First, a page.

There is a widespread perception that this was more or less the situation before the 1947 Town and Country Planning Act (which nationalised development rights) and the acts that followed in its wake. This is perception is not accurate. Land use planning is not a creation of the state; it can and did emerge within markets, through private mechanisms like restrictive covenants. But that’s a topic for another day: for the sake of the argument, let’s accept the false narrative.
Suppose in a situation like that, you are tasked with devising a system that protects the countryside, but without unduly stifling housing development. How would you strike that balance?
Chances are that you would replicate some of the things that have actually happened since 1947, or something quite similar. You would probably approve of the creation of National Parks, of Areas of Outstanding Natural Beauty (AONB), and of various other designations that selectively protect particular landscapes on the basis that they are, in some way, valuable to people, or wildlife, or both. In those designated areas, residential and commercial development would be banned, or at least severely restricted.
But you would definitely not come up with anything remotely resembling the greenbelts around London, Oxford, Cambridge, Bristol, Bath, York and other major cities in the UK. I am convinced that if greenbelts did not exist, nobody would suggest that we should introduce them today. Greenbelts are an example of what Milton Friedman referred to as the ‘tyranny of the status quo’.
If your aim is to protect scenic beauty, wildlife and biodiversity, why on earth would you come up with a land designation that bears absolutely no relation to any of those characteristics? The London greenbelt, for example, does not protect land on the basis that it is beautiful, or rich in wildlife, or that it produces environmental benefits such as cleaner air.
It protects land on the basis that it is close (very, very broadly defined) to London. Its sole purpose is to stop London from growing outwards. That’s what it does. That’s all it does. It was never meant to do anything else.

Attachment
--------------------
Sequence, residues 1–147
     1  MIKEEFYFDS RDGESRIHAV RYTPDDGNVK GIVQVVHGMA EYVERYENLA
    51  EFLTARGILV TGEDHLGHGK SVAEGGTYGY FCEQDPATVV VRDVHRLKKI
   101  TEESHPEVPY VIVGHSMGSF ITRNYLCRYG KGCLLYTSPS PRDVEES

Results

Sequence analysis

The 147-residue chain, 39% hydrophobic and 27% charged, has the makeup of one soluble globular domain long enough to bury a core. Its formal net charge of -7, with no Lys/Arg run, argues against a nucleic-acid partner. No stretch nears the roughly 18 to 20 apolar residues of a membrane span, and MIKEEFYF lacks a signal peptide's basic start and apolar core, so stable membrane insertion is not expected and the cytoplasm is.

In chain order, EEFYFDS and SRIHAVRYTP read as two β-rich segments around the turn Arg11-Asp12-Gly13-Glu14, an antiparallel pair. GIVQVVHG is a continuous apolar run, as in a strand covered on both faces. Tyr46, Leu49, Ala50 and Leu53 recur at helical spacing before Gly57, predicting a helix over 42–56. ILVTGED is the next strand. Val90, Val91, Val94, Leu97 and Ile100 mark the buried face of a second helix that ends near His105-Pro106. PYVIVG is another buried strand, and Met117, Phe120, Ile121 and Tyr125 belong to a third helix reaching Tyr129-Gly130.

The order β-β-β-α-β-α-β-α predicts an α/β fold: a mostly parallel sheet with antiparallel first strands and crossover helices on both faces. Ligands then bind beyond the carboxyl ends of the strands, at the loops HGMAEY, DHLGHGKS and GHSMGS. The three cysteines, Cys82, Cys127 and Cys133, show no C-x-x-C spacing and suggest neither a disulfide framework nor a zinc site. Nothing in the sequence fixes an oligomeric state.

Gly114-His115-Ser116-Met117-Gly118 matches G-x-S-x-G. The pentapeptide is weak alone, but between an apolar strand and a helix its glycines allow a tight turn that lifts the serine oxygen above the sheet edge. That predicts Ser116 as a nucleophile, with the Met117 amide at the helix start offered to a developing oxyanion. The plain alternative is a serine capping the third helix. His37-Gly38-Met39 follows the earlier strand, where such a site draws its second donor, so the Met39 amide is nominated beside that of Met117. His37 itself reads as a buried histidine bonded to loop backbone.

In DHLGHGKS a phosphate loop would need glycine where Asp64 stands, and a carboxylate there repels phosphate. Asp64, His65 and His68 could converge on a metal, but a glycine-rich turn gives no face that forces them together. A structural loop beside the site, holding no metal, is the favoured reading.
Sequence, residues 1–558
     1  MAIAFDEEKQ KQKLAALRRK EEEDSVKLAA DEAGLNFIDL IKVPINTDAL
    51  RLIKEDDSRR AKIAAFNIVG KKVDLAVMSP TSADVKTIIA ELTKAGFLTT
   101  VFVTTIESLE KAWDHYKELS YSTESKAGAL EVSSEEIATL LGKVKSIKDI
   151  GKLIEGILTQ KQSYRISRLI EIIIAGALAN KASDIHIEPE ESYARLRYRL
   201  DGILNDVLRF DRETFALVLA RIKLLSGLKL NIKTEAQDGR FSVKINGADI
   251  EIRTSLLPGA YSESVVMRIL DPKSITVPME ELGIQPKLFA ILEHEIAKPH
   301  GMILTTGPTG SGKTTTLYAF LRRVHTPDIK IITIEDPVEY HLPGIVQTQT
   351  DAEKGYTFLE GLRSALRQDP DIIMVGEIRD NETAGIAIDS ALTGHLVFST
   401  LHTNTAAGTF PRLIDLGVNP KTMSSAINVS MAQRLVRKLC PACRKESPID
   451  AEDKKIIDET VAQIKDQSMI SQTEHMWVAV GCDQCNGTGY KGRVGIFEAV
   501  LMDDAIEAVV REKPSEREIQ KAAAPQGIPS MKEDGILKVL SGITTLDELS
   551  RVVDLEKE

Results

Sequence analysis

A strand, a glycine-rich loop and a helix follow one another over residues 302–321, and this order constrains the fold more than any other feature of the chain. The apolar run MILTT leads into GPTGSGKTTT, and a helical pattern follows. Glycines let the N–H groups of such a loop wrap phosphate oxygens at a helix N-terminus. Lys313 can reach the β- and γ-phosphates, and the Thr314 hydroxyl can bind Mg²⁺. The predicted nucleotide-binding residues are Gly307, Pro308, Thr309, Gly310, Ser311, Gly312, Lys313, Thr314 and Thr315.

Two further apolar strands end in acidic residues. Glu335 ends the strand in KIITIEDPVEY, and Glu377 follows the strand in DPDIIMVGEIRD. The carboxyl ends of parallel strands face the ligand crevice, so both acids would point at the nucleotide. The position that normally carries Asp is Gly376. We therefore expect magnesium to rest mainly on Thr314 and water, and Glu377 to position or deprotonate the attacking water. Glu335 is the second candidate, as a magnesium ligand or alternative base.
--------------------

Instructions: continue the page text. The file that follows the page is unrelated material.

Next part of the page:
Greenbelts are so vast and expansive that they must necessarily encompass many different types of land, with immense variation in the quality (however defined) of that land. It must logically range from spectacularly beautiful, postcard-perfect landscapes to ugly scrubland and muddy fields; from land that hosts a stunning variety of wildlife to monoculture farmland drenched in pesticides. If you draw a circle anywhere on a map at random, that circle will contain any of these landscapes, and anything in between, if only you make it large enough.
Greenbelts are simply far too large to be targeted or selective. They cover about 13% of England’s surface area, while only 10% of England is – in the broadest sense, –developed. This means that a greenbelt can easily be as large, or larger, than the town or city within it. ‘Belt’ is therefore, arguably, the wrong word, because a belt is usually not larger than the person it envelops.
The London greenbelt, in particular, is five times as large as the built-up area of London, including London’s parks, gardens, roads, railways etc. It is not really a belt at all, and more like an oversized doughnut. You cannot take such a huge chunk of prime location land off the market, declare it off-limits to development of any kind, and assume that there will be no impact on land prices and house prices. More than one third of the price of a house in England can be attributed to planning restrictions, of which greenbelts are a key component. Thus, the greenbelt has become one of the major causes of the UK’s housing crisis. They were relatively harmless in the beginning, but developed a greater ‘bite’ over time.
Greenbelts are not a uniquely British phenomenon: some North American cities have them as well, except they do not call them greenbelts. They call them ‘urban growth boundaries’ or ‘urban containment boundaries’, a far more honest name, which much more accurately describes their purpose and effect. Maybe we should give our greenbelts a similar name, if only to desacralise them. “Save our Greenbelt!” makes a great slogan. “Save our Urban Containment Boundary!” just doesn’t quite have the same ring to it.
Dr Kristian Niemietz is the IEA’s Head of Health and Welfare. This article was first published by theInternational Business Times (IBT).